New Delhi: Low- and middle-income countries need to improve cancer care and surgery provisions in the next few years to tackle rise in cases and mortality, two new Lancet studies have revealed.
A modelling study, published in The Lancet Oncology journal, noted that the number of cancer cases that will require surgery is set to increase by 5 million procedures between 2018 and 2040 across the world. The greatest relative increase, however, will be seen in 34 low-income countries where the researchers also found widest gaps in the healthcare workforce.
Meanwhile, an observational study in The Lancet, highlighted that patients in low- and middle-income countries are four times more likely to die from colorectal or gastric cancer.
Colorectal cancer refers to any cancer that affects the colon or large intestine and rectum while gastric cancer is a disease where malignant cancer cells form in the lining of the stomach.
Both studies were published Thursday.
According to the modelling study, the estimated cancer surgical case demand in India will rise by 38 per cent between 2018 and 2040.
“Low-income countries currently have the lowest ratios for the actual number of surgeons and anaesthetists per 100 cancer procedures compared with countries at other income levels. The rising demand for cancer surgery could strain the already jeopardised service delivery,” the study warned.
For the study, researchers from Australia, the UK, Canada and Switzerland estimated the proportion of cancer cases with an indication for surgery for 183 countries.
This was then multiplied by age adjusted national estimates of new cancer cases using the International Agency for Research on Cancer’s Global Cancer Observatory database (GLOBOCAN) from 2018.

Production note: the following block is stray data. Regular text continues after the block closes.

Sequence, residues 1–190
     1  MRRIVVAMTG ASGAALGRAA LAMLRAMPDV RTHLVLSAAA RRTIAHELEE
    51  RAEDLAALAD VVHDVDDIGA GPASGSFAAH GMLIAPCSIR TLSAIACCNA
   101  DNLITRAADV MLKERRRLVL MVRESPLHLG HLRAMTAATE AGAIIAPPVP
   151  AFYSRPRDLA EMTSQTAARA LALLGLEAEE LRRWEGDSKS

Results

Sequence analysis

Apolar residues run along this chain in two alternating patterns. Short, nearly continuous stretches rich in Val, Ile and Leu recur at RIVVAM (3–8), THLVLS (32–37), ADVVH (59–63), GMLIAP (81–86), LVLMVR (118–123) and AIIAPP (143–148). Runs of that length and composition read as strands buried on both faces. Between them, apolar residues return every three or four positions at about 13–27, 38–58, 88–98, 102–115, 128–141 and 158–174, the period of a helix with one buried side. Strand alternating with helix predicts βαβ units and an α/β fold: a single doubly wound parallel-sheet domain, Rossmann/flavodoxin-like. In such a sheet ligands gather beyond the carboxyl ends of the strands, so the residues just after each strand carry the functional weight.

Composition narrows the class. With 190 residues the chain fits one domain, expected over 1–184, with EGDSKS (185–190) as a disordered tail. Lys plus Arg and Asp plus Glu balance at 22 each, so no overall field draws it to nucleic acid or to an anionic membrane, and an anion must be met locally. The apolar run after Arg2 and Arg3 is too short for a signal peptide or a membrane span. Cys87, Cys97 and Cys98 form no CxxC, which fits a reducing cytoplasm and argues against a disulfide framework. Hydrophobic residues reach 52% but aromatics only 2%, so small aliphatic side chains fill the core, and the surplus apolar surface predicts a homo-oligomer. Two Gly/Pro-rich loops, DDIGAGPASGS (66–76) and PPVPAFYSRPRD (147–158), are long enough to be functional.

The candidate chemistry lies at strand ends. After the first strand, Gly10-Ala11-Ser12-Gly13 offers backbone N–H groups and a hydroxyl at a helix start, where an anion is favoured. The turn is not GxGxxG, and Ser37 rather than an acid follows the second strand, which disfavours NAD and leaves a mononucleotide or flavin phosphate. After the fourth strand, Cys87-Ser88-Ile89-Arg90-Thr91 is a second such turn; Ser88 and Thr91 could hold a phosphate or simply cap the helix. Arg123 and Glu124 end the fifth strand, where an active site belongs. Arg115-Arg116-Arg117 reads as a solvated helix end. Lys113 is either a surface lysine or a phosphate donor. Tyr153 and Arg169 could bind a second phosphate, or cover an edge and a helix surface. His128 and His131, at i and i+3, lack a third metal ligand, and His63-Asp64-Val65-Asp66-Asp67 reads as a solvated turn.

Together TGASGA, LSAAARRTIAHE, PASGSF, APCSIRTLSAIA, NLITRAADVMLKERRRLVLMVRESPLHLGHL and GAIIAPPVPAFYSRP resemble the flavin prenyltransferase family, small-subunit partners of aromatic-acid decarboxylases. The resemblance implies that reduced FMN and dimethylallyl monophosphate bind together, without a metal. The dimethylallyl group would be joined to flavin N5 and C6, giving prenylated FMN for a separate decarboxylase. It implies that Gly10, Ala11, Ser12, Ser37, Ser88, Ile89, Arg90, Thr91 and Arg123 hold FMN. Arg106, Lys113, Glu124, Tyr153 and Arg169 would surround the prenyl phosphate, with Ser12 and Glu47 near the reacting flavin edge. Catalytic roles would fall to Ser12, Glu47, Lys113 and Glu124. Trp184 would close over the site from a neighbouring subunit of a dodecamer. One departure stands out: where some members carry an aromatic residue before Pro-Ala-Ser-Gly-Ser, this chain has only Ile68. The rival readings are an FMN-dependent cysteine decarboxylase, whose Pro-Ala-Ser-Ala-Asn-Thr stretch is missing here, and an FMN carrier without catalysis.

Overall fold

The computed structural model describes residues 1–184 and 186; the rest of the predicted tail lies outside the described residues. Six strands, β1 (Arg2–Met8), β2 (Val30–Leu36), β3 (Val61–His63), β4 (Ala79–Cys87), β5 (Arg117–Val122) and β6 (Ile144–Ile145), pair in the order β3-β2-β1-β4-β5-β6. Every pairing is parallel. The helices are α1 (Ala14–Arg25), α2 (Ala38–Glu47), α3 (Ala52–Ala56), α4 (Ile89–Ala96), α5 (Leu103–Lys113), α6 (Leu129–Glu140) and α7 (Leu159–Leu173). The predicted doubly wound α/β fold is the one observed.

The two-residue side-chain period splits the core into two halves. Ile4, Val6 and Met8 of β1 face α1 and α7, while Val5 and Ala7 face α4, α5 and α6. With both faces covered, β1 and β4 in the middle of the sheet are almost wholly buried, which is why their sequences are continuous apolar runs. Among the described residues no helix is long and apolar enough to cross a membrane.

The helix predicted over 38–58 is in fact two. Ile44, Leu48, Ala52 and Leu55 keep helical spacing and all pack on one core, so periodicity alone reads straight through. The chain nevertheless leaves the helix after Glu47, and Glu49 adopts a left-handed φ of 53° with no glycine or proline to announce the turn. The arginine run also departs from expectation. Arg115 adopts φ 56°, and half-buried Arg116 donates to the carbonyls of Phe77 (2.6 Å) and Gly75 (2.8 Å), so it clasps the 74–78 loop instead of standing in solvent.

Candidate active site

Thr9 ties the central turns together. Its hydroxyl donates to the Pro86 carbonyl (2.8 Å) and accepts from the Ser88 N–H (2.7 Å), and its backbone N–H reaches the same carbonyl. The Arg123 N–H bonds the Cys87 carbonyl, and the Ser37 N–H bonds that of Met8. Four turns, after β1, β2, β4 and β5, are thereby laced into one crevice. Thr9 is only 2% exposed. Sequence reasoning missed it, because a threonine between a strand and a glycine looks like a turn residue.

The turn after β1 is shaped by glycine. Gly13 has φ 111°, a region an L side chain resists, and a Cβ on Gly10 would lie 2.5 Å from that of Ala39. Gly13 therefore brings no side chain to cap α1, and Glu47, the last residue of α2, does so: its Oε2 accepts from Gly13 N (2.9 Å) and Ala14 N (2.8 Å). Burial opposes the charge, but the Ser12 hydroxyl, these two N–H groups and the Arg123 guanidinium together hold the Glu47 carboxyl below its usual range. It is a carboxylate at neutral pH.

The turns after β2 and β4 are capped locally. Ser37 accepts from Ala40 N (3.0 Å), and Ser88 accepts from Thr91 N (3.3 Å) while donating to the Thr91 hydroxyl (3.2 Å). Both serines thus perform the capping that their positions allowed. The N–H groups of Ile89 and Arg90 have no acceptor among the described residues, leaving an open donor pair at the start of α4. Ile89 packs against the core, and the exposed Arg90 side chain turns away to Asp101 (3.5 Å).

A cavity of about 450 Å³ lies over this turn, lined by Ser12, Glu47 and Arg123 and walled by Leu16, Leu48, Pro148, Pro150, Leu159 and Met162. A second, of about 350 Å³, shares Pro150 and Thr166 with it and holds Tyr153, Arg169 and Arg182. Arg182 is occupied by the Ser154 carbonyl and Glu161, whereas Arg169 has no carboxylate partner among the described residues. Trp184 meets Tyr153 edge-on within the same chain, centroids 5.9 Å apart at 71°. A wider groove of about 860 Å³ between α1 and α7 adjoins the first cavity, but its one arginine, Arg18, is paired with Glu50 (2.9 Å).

Moreover, cancer surgical procedures in 44 high-income countries were divided by the number of surgeons and anaesthetists in the countries and used to generate a median benchmark.
Using this data the study found that “to match the median benchmark for high-income countries, the surgical workforce in these countries would need to increase by almost four times and the anaesthesia workforce by nearly 5.5 times”.
The model also found that the number of surgeons would have to be increased by 107 per cent in low-income countries and 67 per cent in middle-income countries.
The second study, conducted by the GlobalSurg Collaborative and National Institute for Health Research Global Health Research Unit on Global Surgery, an international medical research organisation, observed 15,958 patients across 428 hospitals in 82 countries between April 2018 and January 2019.
Of the 15,958 patients, 9,106 were from 31 high-income countries, 2,721 were from 23 upper-middle-income countries and 4,131 belonged to 28 lower-middle-income countries (LMIC).
“Patients in LMICs presented with more advanced disease compared with patients in high-income countries,” the study noted.
According to the study, in low-income or low-middle-income countries, patients suffering from gastric and colorectal cancers were more likely to die within 30 days of surgery due to complications, compared to high-income countries.
“The absence of consistently available postoperative care facilities has been associated with seven to 10 more deaths per 100 major complications” in the low-middle-income-countries, it added.
“Effective surgical care plays a crucial role in the prevention of death from cancer and requires systems of the highest quality throughout the preoperative and postoperative periods,” the study noted.